A Q&A with Sean Larry Stevens ‘06

The Bulldog Classic always features an alumni speaker who was a financial aid recipient and student athlete while at D-E. This year it was Sean Larry Stevens ’06, an Englewood native who broke School records as a cross country and track runner.

How would you characterize your D-E experience?
At first, attending Dwight-Englewood was not easy academically or socially. I was an inner-city kid, coming from a poor family and had never been exposed to the level of [academic rigor] at Dwight. Honestly, going to Dwight was probably one of the most difficult decisions I could have made as a 14-year-old teenager, because I had to leave behind what I thought was a normal and perfect life. For years, I was told that I was at the top of my class and ready to compete for a spot at the top universities. When I got to Dwight, I quickly realized that this was untrue; I was barely ready to compete with my classmates. Additionally, I was pushed to interact with people who were from more privileged backgrounds than me and had a world of experiences that I’d never had nor could have dreamed of.

After overcoming my fears of this new community, I began to take advantage— slowly at first—of the variety of opportunities available to me at Dwight. I joined the dance club, Dwight Mix [the a cappella group], and Jazz Rock; ran cross country and track; performed in multiple musicals and theater productions; and worked hard to develop positive relationships with my teachers.

Where has your college and post-college journey taken you?

After leaving Dwight, I went on to attend Cornell University, where I was determined to become a cardiologist. While on my pre-med track at Cornell, I picked up a minor in education, and joined numerous social, fraternal, and political organizations. Upon graduation, I joined Teach For America as a Spanish teacher in Washington, DC, and eventually became a dean of students. I then decided to relocate after graduate school to the New York City/Northern New Jersey area to help found a middle school in Harlem.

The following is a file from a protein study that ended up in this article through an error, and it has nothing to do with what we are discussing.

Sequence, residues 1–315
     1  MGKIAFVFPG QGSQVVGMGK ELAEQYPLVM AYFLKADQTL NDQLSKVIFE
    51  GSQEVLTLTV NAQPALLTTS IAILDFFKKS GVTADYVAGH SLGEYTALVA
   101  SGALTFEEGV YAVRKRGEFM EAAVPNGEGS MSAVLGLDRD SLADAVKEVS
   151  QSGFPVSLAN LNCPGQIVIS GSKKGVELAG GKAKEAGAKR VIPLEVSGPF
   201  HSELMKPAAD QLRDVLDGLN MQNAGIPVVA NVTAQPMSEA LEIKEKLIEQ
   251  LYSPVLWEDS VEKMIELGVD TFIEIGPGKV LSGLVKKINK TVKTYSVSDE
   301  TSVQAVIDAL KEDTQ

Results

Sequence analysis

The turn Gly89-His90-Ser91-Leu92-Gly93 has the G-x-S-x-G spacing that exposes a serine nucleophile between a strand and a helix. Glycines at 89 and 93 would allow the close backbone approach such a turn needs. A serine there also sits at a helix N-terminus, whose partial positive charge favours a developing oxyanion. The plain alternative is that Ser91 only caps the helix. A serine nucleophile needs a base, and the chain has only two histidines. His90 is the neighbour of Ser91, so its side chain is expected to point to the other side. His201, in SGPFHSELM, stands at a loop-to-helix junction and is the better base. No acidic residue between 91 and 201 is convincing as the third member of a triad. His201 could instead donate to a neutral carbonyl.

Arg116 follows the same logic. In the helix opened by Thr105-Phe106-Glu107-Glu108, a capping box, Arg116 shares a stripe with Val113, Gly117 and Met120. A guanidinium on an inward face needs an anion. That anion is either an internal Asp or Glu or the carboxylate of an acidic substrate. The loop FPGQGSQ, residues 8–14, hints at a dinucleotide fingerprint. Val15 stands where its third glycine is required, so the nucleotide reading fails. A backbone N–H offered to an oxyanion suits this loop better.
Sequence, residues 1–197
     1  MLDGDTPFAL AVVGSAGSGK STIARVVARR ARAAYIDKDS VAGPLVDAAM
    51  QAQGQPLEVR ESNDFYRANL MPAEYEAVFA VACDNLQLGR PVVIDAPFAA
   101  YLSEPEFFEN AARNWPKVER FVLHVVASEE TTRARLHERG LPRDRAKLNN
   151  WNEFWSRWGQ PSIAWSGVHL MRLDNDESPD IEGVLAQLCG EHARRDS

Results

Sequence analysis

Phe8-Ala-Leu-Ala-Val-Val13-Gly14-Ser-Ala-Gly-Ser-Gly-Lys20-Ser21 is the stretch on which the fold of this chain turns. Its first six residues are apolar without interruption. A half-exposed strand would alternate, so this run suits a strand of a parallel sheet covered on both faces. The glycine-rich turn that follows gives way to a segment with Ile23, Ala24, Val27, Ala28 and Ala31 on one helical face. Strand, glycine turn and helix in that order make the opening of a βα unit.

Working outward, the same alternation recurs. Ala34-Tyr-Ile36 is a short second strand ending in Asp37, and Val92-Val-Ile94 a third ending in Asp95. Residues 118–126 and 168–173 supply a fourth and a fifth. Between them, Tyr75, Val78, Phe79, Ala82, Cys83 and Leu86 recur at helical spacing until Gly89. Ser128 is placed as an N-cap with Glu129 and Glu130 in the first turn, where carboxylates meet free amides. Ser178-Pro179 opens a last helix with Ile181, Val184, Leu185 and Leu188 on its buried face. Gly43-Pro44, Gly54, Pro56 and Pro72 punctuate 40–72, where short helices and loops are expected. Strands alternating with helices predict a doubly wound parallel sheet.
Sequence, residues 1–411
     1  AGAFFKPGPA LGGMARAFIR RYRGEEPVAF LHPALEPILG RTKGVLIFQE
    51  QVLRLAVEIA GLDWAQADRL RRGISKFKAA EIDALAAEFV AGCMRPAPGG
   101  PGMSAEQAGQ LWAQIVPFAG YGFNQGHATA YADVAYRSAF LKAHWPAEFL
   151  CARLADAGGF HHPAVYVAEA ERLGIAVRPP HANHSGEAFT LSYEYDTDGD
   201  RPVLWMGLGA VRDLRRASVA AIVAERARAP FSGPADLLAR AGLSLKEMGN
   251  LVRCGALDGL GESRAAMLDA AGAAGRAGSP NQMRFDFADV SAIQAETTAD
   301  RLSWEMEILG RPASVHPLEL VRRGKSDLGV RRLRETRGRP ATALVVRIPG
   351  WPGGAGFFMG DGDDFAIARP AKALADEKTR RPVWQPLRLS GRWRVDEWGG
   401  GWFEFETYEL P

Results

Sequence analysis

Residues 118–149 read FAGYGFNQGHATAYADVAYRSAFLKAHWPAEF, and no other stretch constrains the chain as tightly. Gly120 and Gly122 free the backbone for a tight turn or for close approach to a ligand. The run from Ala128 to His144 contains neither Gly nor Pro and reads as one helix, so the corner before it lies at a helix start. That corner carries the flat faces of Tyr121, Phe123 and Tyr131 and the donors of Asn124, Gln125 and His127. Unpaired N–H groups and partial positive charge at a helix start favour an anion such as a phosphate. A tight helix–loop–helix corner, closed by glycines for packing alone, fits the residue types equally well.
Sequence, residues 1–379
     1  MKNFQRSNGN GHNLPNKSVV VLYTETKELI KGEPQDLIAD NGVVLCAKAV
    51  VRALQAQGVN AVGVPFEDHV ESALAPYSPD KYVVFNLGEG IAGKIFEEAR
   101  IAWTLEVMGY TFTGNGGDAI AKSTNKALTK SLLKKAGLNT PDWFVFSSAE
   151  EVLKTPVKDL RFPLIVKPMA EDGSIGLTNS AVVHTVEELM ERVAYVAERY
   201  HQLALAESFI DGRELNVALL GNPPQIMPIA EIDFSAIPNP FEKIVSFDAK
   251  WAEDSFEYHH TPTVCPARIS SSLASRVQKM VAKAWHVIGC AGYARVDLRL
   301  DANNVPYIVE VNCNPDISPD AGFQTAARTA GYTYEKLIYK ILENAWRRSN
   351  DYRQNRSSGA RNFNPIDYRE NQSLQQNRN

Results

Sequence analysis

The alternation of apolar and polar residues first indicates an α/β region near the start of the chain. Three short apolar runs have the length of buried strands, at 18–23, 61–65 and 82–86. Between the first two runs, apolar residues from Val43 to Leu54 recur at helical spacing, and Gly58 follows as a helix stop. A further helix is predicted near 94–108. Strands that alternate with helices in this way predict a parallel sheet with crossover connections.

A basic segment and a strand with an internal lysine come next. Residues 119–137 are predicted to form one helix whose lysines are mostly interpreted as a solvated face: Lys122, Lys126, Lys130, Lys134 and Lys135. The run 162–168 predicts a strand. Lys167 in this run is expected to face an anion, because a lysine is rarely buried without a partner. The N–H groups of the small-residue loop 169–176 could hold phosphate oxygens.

What motivated you to focus on education?
The injustices that exist in today’s school systems are discouraging. From personal experience—both in public and private schools—and having worked at a public middle school as a school administrator for the past two years, it is my life’s mission to push the educational reform movement even further. Sadly, students in marginalized urban communities are put on an abhorrently different educational trajectory than those born in communities that are not considered low-income communities. A disheartening number of those students end up graduating high school, and an even more frightful number end up graduating college. Currently, I am an educator and a school leader in Harlem who is planning to open a high school in New York City for the upcoming 2015–2016 school year, to ensure that [my] scholars are on the pathway to success, [will] attend the college of their choice, and [live] a life of active citizenship. Additionally, I am looking to launch an educational and mentorship nonprofit organization based in New York City for students to help them in developing their character, creative writing, and public speaking skills.

What advice do you have for students today?
Be unapologetic about advocating for yourself in school. Don’t be passive about your education; utilize it to gain access to opportunities in your life. Invest in yourself by investing and caring about the education that you are receiving. If you allow others to dictate your feelings about your education, you give others the power to dictate your future.

 


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